Attorney General Mark Herring (D-VA) outed himself in a Wednesday morning statement by revealing that he dressed up in blackface when he was an “undergraduate in college.”
“In 1980, when I was a 19-year-old undergraduate in college, some friends suggested we attend a party dressed like rappers we listened to at the time, like Kurtis Blow, and perform a song. It sounds ridiculous even now writing it. But because of our ignorance and glib attitudes—and because we did not have an appreciation for the experiences and perspectives of others—we dressed up and put on wigs and brown makeup,” Herring said in a statement.
Herring has freely added himself to a growing list of embattled Democrats in the state. Gov. Ralph Northam (D-VA) is trying to save his political career after a now-viral yearbook photo was leaked of him wearing blackface next to a person in a KKK robe. Lt. Gov. Justin Fairfax (D-VA) is fending off accusations that he forced a woman to perform oral sex on him at the 2004 Democratic National Convention.
“This was a onetime occurrence and I accept full responsibility for my conduct. That conduct clearly shows that, as a young man, I had a callous and inexcusable lack of awareness and insensitivity to the pain my behavior could inflict on others,” Herring said, calling his actions a “minimization of both people of color” and a “horrific history.”
Please see my statement below. pic.twitter.com/FBDcgxHOq9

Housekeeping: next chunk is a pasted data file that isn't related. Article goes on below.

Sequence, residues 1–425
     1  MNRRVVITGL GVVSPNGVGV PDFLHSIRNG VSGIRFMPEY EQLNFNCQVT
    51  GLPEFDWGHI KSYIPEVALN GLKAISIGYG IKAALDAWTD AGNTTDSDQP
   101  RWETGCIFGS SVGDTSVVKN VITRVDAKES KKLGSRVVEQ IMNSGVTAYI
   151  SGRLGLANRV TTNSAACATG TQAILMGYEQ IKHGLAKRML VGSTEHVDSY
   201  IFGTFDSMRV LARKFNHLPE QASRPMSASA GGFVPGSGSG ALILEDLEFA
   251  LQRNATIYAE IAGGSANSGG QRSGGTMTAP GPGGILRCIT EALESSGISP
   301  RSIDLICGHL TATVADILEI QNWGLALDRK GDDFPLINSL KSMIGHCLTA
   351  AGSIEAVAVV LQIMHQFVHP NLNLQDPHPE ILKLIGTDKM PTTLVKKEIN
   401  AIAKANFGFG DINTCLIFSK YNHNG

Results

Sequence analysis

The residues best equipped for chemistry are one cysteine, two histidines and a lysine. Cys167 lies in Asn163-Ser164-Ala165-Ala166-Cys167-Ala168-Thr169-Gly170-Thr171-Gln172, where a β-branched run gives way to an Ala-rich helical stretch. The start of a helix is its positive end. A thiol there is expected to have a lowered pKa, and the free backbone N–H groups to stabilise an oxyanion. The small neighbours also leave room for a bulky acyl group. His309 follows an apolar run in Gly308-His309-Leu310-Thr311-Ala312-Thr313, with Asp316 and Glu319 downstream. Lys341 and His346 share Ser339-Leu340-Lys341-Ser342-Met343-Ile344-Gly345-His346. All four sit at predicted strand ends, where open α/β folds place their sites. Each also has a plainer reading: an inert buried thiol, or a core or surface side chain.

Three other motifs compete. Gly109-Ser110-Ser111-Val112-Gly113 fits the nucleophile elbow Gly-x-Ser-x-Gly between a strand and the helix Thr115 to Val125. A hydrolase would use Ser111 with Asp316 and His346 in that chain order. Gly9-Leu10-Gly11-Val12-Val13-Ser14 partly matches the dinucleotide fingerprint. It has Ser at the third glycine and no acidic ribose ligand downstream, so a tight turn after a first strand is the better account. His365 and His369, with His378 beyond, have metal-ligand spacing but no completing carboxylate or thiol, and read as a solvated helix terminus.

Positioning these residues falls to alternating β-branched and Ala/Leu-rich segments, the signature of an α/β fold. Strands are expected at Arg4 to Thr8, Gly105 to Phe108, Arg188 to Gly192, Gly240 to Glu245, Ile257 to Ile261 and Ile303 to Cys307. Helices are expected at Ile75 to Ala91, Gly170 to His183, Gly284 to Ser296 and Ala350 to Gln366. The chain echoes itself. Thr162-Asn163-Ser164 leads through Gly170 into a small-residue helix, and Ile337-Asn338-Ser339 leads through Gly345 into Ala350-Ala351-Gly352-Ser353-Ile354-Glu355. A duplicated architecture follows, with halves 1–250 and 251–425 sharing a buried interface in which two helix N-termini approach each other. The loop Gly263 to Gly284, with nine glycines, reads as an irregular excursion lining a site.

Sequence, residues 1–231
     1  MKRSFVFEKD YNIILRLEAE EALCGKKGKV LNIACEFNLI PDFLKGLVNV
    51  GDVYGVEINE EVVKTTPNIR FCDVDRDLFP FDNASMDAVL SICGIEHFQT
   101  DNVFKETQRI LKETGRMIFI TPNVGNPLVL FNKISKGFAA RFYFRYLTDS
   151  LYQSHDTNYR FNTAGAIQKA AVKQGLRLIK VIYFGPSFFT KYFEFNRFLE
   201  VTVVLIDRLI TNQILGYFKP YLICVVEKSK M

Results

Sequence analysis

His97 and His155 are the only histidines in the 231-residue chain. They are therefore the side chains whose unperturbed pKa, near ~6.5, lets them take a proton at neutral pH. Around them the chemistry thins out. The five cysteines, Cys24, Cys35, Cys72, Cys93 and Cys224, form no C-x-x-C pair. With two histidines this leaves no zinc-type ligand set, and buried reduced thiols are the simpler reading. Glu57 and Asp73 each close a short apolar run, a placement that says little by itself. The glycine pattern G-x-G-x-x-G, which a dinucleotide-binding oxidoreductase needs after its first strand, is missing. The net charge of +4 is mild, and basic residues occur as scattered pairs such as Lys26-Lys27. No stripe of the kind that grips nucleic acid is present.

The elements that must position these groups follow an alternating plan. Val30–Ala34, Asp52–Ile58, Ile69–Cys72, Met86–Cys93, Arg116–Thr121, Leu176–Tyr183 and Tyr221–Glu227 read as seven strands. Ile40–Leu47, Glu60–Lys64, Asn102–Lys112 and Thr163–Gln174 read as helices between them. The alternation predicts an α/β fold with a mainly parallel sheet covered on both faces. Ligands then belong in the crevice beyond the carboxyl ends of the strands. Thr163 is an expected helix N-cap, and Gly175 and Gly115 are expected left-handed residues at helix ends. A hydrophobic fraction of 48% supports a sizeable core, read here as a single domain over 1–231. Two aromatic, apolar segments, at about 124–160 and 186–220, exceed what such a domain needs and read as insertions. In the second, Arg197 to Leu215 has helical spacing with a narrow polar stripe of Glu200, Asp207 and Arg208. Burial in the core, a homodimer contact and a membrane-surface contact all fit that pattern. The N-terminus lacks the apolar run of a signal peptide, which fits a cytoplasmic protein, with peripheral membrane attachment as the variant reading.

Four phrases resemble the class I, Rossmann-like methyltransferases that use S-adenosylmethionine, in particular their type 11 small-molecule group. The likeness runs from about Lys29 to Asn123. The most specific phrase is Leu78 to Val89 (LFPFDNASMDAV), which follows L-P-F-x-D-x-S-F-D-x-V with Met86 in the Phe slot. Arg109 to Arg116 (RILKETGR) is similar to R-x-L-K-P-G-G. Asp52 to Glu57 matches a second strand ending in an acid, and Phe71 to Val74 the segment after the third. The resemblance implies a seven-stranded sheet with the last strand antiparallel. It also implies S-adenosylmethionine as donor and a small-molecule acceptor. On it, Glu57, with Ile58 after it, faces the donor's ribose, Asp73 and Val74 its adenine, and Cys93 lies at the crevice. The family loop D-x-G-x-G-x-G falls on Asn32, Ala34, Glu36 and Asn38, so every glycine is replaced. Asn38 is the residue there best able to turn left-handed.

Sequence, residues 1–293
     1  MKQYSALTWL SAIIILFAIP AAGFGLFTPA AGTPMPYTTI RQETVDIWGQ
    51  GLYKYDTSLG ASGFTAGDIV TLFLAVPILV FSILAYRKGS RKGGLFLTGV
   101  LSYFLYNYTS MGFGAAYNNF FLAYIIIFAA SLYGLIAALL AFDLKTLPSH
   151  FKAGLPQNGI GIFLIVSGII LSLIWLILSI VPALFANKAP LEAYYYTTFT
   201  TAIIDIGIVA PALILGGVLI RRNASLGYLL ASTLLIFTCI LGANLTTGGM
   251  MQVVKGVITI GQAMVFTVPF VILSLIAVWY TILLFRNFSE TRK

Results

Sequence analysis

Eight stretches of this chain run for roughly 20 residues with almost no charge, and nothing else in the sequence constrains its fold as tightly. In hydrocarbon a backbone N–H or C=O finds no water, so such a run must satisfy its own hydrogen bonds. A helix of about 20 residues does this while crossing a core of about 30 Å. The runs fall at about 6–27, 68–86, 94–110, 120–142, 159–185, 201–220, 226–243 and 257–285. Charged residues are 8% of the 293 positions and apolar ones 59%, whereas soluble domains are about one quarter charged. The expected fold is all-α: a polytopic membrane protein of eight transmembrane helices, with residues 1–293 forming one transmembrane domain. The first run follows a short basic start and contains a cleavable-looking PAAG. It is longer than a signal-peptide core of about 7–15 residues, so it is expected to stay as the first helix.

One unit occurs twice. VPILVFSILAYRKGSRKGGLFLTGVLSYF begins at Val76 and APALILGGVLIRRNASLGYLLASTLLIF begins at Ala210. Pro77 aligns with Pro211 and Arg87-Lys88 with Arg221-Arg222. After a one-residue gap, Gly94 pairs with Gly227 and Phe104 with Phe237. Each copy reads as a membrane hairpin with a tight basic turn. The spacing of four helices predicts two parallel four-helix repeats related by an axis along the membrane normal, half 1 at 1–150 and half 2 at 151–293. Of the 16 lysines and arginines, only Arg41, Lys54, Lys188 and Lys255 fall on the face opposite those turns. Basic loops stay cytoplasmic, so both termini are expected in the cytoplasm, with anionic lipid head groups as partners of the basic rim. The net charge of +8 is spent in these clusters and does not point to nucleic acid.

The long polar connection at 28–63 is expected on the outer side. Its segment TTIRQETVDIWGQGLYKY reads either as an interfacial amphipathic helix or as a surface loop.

— Mark Herring (@MarkHerringVA) February 6, 2019
He went on to state that his actions from “nearly 40 years” ago have “haunted” him for decades.
“And though my disclosure of it now pains me immensely, what I am feeling in no way compares to the betrayal, the shock, and the deep pain that Virginians of color may be feeling,” he said. “Where they have deserved to feel heard, respected, understood, and honestly represented, I fear my actions have contributed to them being forced to revisit and feel a historical pain that has never been allowed to become history.”
Herring concluded his statement by touting his record in Virginia politics of addressing “racial inequities and systemic racism.”
“That I have contributed to the pain Virginians have felt this week is the greatest shame I have ever felt,” he said. “Forgiveness in instances like these is a complicated process, one that necessarily cannot and should not be decided by anyone but those directly affected by the transgressor, should forgiveness be possible or appropriate at all. In the days ahead, honest conversations and discussions will make it clear whether I can or should continue to serve as attorney general, but no matter where we go from here, I will say that from the bottom of my heart, I am deeply, deeply sorry for the pain that I cause with this revelation.”
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Anthony Gockowski is managing editor of Battleground State News and The Minnesota Sun. Follow Anthony on Twitter. Email tips to [email protected].
Photo “Mark Herring” by Mark Herring. Background Photo “Virginia Capitol” by Skip Plitt – C’ville Photography. CC BY-SA 3.0.